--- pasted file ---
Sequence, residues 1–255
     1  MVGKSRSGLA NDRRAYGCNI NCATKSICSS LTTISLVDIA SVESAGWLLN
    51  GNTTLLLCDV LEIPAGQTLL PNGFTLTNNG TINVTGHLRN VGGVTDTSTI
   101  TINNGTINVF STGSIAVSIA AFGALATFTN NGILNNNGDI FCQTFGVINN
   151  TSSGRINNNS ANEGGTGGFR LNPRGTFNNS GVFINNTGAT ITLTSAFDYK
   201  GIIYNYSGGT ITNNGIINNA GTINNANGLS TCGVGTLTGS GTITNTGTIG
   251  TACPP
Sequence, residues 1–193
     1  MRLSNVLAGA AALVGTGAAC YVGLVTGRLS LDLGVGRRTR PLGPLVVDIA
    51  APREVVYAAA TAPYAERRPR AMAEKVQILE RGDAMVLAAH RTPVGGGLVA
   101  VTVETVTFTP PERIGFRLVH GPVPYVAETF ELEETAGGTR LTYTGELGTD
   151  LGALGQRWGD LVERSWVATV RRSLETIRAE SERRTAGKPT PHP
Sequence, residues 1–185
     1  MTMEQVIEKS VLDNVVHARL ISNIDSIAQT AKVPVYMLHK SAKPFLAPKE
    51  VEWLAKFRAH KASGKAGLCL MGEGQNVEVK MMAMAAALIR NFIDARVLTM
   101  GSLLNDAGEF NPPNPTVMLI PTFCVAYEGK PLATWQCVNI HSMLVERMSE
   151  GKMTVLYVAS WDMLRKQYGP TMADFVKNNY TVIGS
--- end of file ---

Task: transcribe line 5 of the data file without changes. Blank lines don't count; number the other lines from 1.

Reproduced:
   151  TSSGRINNNS ANEGGTGGFR LNPRGTFNNS GVFINNTGAT ITLTSAFDYK